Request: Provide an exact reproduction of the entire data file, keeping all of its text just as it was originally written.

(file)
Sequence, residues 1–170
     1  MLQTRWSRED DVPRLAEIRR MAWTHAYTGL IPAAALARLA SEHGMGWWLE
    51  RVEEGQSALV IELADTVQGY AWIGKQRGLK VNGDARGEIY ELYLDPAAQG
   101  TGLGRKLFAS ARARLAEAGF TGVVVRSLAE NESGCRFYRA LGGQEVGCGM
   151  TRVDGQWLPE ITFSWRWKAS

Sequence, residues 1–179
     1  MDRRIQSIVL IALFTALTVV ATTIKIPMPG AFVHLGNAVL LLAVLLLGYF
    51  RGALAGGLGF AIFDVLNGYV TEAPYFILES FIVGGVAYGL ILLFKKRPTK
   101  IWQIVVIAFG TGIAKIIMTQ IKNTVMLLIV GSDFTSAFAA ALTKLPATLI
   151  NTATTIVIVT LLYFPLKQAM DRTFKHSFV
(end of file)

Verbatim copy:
Sequence, residues 1–170
     1  MLQTRWSRED DVPRLAEIRR MAWTHAYTGL IPAAALARLA SEHGMGWWLE
    51  RVEEGQSALV IELADTVQGY AWIGKQRGLK VNGDARGEIY ELYLDPAAQG
   101  TGLGRKLFAS ARARLAEAGF TGVVVRSLAE NESGCRFYRA LGGQEVGCGM
   151  TRVDGQWLPE ITFSWRWKAS

Sequence, residues 1–179
     1  MDRRIQSIVL IALFTALTVV ATTIKIPMPG AFVHLGNAVL LLAVLLLGYF
    51  RGALAGGLGF AIFDVLNGYV TEAPYFILES FIVGGVAYGL ILLFKKRPTK
   101  IWQIVVIAFG TGIAKIIMTQ IKNTVMLLIV GSDFTSAFAA ALTKLPATLI
   151  NTATTIVIVT LLYFPLKQAM DRTFKHSFV